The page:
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Largest wind farm in Arizona planned near Flagstaff to provide power for Salt River Project  

Credit:  Ryan Randazzo | Arizona Republic | Jan. 13, 2022 | www.azcentral.com ~~

The largest wind farm in Arizona is planned near Flagstaff by NextEra Energy Resources to provide power to Salt River Project, the companies announced Thursday.

Crews will construct the turbines on Babbitt Ranches land, about 25 miles north of the city off State Route 180, and generate 161 megawatts of electricity when the wind is optimal.

That is enough power to supply about 40,000 homes when the power plant is operating.

The announcement comes shortly after SRP’s decision to add a large battery facility at an existing solar plant in Coolidge, allowing the utility to use the power when it is most needed on the grid.

The Babbitt Ranch Energy Center wind farm should operate by December 2023, according to the company.

“We see this as being very complementary to solar in that it can provide energy in day and also at night,” said Grant Smedley, SRP director of resource planning, acquisition and forecasting. “Also, wind profiles tend to ramp up as our demand is ramping up and solar is coming off (in the afternoon).”

He said the plant is expected to have a capacity factor of about 35%, meaning that it will operate about that percent of the total hours in the year, which is “quite high” for a wind plant.

SRP will buy power from the plant but not own it. He said it was the cheapest wind power available based on proposals the utility got from a 2020 request for proposals.

The wind farm will send power to the Phoenix area on high-voltage transmission lines that previously carried power from the Navajo Generating Station coal-burning power plant, which closed in 2019.

SRP has pledged to get half its electricity from carbon-free sources by 2025 by greatly expanding its use of renewable energy. SRP also has committed to cut carbon intensity from 2005 levels by more than 65% by 2035 and 90% by 2050.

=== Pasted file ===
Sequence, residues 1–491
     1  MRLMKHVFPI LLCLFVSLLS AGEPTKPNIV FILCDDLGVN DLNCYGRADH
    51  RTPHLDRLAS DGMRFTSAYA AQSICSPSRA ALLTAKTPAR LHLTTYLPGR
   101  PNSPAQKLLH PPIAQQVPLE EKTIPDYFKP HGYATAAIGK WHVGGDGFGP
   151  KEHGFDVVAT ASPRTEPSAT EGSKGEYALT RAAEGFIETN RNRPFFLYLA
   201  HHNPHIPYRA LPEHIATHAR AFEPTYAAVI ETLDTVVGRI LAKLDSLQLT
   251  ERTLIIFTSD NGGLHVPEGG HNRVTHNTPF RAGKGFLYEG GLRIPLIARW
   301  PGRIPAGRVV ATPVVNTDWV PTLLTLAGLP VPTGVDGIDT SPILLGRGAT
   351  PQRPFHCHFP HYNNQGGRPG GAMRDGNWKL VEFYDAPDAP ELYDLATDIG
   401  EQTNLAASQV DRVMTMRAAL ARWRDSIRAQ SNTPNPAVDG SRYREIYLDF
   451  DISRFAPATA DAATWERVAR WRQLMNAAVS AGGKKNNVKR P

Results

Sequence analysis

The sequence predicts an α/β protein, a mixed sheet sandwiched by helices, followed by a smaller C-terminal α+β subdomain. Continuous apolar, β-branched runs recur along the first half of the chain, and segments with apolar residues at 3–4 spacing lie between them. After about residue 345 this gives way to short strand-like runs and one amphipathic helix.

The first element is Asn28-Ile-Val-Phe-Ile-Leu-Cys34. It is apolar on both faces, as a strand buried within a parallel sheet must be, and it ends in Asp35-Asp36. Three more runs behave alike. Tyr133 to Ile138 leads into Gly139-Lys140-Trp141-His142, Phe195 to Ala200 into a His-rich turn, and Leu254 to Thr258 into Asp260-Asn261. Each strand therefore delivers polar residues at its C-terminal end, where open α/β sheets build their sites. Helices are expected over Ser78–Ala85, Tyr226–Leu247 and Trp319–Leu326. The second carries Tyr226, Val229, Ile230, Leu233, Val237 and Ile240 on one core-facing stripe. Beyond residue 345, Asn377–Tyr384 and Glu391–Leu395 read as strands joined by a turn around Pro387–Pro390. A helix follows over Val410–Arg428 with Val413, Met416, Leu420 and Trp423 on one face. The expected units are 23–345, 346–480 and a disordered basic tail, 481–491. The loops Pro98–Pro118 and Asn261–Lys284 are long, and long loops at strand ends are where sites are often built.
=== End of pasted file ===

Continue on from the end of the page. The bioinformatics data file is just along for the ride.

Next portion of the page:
But SRP last year also approved a nearly $1 billion expansion at a Coolidge natural-gas burning facility, which has drawn sharp criticism from climate activists who want to see more renewables and less fossil-fuel burning.

Utility officials say the Coolidge gas-plant expansion is needed to stabilize the power grid, allowing for more wind and solar to come online.

“One of the reasons we believe Coolidge is so critical is it is dispatchable, firm, and can provide backup to wind projects and solar as it is coming offline in the afternoon,” Smedley said.

SRP is adding several new power sources to meet the growing demand in its territory as well as to replace phased out coal facilities.
Other wind farms that power Arizona

SRP helped develop Arizona’s first wind farm, the Dry Lake Wind Power Project near Snowflake and continues to get power from that facility today.

The Dry Lake project was built in two phases of 63 and 64 megawatts, with the first going online in 2009.

Other major wind farms in Arizona include the 99-megawatt Perrin Ranch Wind Project north of Williams, which supplied power to Arizona Public Service Co., the 30-megawatt Red Horse II farm in Cochise County that supplies Tucson Electric Power, and Western Wind, a 10.5-megawatt wind farm near Kingman that supplies UniSource Energy Services.

Source:  Ryan Randazzo | Arizona Republic | Jan. 13, 2022 | www.azcentral.com

This article is the work of the source indicated. Any opinions expressed in it are not necessarily those of National Wind Watch.

The copyright of this article resides with the author or publisher indicated. As part of its noncommercial effort to present the environmental, social, scientific, and economic issues of large-scale wind power development to a global audience seeking such information, National Wind Watch endeavors to observe “fair use” as provided for in section 107 of U.S. Copyright Law and similar “fair dealing” provisions of the copyright laws of other nations. Send requests to excerpt, general inquiries, and comments via e-mail.

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